874.00/2–1646: Telegram

The Counselor of the Department of State ( Cohen ) to the Secretary of State

secret

1968. Personal for the Secretary from Cohen. Deptel 1416, Feb. 12, noon.57 I saw Vyshinsky today and outlined to him our position on Bulgarian question along the lines of our telegram 1299, Feb. 2. I made it plain that we felt that the Moscow decision envisaged an agreement between the Bulgarian Government and the Opposition [Page 76] parties regarding the participation of two members of those parties in the Government and not a mere pro forma addition of such members. For these reasons we did not feel we could put any pressure on the Opposition parties to enter the government on terms which they regard as violating their political principles. I added that, since the Soviet Govt had taken the initiative in this matter, our Govt would like to know what the Soviet Govt had in mind as the next step. I concluded by saying that I was sure we still had the same objective, even though the Moscow decision had not justified our hopes. Vyshinsky stated that the Soviet Govt had fulfilled its task and with some difficulty had prevailed upon the Bulgarian Government to accept the Moscow decision, but the “impossible and insulting” demands of the Opposition parties for the dissolution of the National Assembly and the installation of a new govt had made the execution of the Moscow decision impossible. No such conditions were in the Moscow decision and could not be entertained. In this connection, Vyshinsky repeated his accusations of Barnes’ attitude and activities. He said that there was nothing more for the Soviet or Bulgarian Governments to do but that we might use our “moral influence” with the opposition to accept the Moscow decision. If, however, the Moscow decision could not be accepted by the Opposition, the situation would remain as it had been before. Elections to the Constitutent Assembly would take place in March and the Opposition parties would have an opportunity to participate and put forward their candidates. Vyshinsky concluded that as for the freedoms, he himself had read the Opposition press in Bulgaria which was very outspoken.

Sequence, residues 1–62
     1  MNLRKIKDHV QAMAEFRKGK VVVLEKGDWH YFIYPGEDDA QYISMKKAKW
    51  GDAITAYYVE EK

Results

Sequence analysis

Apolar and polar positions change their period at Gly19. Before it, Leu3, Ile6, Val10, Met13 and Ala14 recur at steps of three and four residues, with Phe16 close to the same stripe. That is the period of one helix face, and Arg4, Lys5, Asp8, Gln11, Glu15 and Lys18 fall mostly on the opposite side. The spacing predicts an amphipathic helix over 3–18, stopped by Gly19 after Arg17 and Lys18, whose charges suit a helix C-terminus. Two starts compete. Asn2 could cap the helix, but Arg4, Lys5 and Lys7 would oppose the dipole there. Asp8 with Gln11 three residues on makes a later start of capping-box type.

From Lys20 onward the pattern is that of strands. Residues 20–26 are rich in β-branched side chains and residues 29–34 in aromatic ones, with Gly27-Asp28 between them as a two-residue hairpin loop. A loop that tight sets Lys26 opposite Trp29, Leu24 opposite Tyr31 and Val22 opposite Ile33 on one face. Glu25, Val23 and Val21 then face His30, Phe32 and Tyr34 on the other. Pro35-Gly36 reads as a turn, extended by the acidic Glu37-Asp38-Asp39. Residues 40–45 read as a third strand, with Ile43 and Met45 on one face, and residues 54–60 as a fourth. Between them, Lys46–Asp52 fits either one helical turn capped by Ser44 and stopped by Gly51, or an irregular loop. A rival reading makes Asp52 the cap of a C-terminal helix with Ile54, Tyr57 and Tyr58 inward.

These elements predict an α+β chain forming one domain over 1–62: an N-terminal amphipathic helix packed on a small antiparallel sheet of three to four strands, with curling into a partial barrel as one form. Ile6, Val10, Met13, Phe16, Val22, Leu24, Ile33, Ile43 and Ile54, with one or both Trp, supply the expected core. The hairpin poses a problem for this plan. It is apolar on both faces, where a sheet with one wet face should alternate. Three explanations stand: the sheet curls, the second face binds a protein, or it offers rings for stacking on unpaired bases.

I again made it clear that we could not undertake pressure on the Opposition which would be interference in Bulgarian internal affairs. As far as Barnes was concerned, I said we had no reason to believe that he had interfered in an internal situation as Mr. Vyshinsky thought. I concluded by saying that we still hoped that the Bulgarian Government and the opposition could find a mutually satisfactory basis for the inclusion of the two representatives in the Govt. Until that time we hoped that nothing would be done by either side to acerbate the tension in Bulgaria.

Vyshinsky expressed doubt as to the possibilities of the Bulgarian Govt and the Opposition agreeing or that the situation would quiet down. When I brought up the Greek reparations, Vyshinsky said he was not up to date on that question, but he knew that the Greek demands had been “fantastic” with no relation to reality. He promised to look into the matter.

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I feel our position is clear to Vyshinsky, but he made it plain that the Soviet Government is not prepared to put forward any new suggestions but let events in Bulgaria take their course.

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Cohen
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  1. Not printed, but see footnote 52, p. 72.